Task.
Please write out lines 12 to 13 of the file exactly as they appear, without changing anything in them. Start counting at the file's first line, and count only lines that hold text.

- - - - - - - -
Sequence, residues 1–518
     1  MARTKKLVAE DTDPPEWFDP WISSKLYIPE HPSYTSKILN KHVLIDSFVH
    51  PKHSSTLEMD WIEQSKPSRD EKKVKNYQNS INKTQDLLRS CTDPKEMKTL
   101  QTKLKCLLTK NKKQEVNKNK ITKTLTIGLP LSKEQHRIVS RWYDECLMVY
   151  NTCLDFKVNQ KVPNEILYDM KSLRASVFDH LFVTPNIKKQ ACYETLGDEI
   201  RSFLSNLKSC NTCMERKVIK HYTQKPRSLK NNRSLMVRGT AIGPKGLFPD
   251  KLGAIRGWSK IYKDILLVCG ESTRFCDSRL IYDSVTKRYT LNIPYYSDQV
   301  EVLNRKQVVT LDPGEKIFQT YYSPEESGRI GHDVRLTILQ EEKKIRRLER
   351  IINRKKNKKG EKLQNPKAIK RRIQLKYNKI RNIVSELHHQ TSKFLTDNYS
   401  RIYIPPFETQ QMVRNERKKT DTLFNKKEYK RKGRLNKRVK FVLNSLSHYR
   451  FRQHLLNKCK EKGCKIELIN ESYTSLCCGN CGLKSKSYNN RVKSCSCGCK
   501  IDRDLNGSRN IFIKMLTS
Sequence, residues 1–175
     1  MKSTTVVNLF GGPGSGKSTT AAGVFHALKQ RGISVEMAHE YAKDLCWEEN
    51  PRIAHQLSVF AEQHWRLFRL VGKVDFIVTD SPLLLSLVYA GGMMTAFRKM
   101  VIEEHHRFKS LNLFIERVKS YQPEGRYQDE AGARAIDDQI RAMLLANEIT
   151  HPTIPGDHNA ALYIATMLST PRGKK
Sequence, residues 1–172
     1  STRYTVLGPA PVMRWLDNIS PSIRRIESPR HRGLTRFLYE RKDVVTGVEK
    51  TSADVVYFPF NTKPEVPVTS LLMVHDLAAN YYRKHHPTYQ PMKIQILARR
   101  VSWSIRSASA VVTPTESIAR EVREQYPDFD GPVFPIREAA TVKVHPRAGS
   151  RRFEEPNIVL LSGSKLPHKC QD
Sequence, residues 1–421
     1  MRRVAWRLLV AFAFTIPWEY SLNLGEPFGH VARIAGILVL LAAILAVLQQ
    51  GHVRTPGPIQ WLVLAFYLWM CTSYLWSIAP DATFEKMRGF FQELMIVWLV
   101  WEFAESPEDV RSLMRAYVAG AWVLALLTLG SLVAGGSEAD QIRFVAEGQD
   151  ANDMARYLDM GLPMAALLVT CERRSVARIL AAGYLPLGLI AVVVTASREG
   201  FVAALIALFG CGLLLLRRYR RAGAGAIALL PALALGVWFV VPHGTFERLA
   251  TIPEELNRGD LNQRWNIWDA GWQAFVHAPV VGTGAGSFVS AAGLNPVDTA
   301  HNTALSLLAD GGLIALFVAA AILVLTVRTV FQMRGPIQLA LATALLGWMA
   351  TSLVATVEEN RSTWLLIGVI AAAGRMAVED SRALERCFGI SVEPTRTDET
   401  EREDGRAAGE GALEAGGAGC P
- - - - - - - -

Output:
   501  IDRDLNGSRN IFIKMLTS
Sequence, residues 1–175